to have and to be.

okay, okay, this is it, i promise.  the very core of you in my life right now have been asking me to post this, so finally here it is, in its entirety, for the world to take on.  originally written as a personal correspondence for a friend, now turned into a shared group discussion... it seems this theme has been on a lot of people's minds lately.  so here's my version of it.


... i thought about this in the shower this morning, and it was SUPER eloquent in my head, but now that i've re-read it after writing it all down, well, it's kinda a bit over the top. sorry! at any rate, here you go, dear:

i believe we know ourselves more as children than we do as adults. and when i say “ourselves” i don’t mean in the “who do you want to be” career path oriented way. that’s is what we are told we’re supposed “to do” but not who we are. what i mean by this is that as children, we know what drives us, what fulfills our day-to-day, what tugs at our curiosity, wonder and imagination, and what gives us complete freedom to develop. children are so much more intuitive about the world than we give them credit for. we start out as spontaneous balls of energy, waiting to consume the world around us, and somewhere along the lines, we push that out of the way to become who we ‘ought to be.’ 

i spent 32 years chasing after who i “ought to be” that i forgot who i was. perhaps it was being raised in a third-world country, or immigrating and starting all over from nothing, but my parents instilled this training and personal self-sacrifice in me so that I could “become” someone. what i believe they wanted to give me was the freedom to provide for myself, which is VERY important. but providing for yourself, and being yourself, are two different things.

so i ‘became’ three different professional people: a photographer, a filmmaker, an architect. and, along the way, i also added to my personal collection: starting with daughter and sister, i now added “wife” to this role. i chased these ideas, giving myself to them completely, believing this was who i am. and i am, to these people and for these moments, they are me, completely.  but at the same time, these titles are not the totality of me; they are just a bit of life goals achieved, caught on paper; they're little bits of ourselves we give to others. but it's not what we give to ourselves, it's not the true "me" of my childhood.

now don’t get me wrong, i think setting high goals and achieving them is a great lesson to be learned. and I’m not at all wanting to sound ungrateful for the work-ethic, unconditional love, and incredible upbringing my parents gave me, nor for higher learning or marriage itself. these things bring much depth to my story and to my understanding about things around me. but that’s not what I’m trying to get after.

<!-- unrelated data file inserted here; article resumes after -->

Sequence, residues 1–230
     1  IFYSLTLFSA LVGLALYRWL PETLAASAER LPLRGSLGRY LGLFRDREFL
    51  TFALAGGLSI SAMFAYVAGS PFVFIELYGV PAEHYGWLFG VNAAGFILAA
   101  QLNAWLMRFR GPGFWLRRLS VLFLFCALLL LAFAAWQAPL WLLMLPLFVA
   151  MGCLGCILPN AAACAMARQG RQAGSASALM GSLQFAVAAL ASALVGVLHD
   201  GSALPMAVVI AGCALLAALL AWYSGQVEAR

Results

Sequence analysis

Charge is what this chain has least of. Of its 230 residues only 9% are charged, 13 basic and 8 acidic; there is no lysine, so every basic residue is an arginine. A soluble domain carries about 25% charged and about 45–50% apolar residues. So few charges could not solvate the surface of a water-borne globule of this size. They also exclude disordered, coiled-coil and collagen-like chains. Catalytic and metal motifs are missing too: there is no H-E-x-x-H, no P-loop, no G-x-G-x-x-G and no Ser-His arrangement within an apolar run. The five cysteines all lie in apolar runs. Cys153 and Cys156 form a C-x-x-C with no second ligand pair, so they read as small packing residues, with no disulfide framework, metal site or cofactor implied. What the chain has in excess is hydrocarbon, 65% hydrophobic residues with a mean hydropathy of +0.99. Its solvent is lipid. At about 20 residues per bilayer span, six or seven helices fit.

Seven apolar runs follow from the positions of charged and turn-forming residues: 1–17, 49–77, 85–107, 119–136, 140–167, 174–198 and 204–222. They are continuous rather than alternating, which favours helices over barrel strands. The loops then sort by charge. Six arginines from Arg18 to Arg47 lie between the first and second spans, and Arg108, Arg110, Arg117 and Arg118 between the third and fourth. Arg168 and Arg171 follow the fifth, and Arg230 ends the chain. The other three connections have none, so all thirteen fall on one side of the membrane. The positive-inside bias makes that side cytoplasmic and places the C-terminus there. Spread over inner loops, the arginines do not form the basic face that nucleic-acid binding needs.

what i’m getting at is this:
if you live your life going from point A to point B in order to better yourself, that’s fantastic, i applaud you for your ambition and determination. setting goals in motion and achieving them should happen more often. but somewhere along the lines you have to learn to just be and live, without any goals in mind, and no matter who you are on paper. and that is what i believe we must rekindle as adults, that is what children know so much about. In that middle zone ... [in that dash between the years on your tombstone] ...  you must also live and be who you really are. let go for a moment and really set yourself free…

i might hold the roles that i mentioned above, but who i really am - that wild child running barefoot through the fields of eastern europe - is so much more. she is an explorer, an adventurer, a story teller of silly things, an artist, a nomad, a city dweller, a village forager and mountain child, hungry to take on the world around her. she is more me than any title anyone can bestow on me...

these are the issues i’m dealing with now, these are the ideas that consume my work at the moment… i realized this past year’s personal art has all been centered on memory, belonging and mapping. i cannot help but think that this undercurrent of themes in my photography is all related to what i’ve mentioned above. because now that i’ve gone to the other side and find myself at “point B,” well, i feel like i barely lived these past 32 years – with the exception of the 8 years in macedonia, exploring and running wild in the mountains and by the lakes and rivers, completely in tune with who i am and living for no one but myself. and i intend on spending the next 32+ finding my true north and living unabashedly as any free, wild child would.


ps. here's itty bitty me on the street where i learned to walk and talk and explore non-stop.  kozara 17, bitola, macedonia.  circa 1981.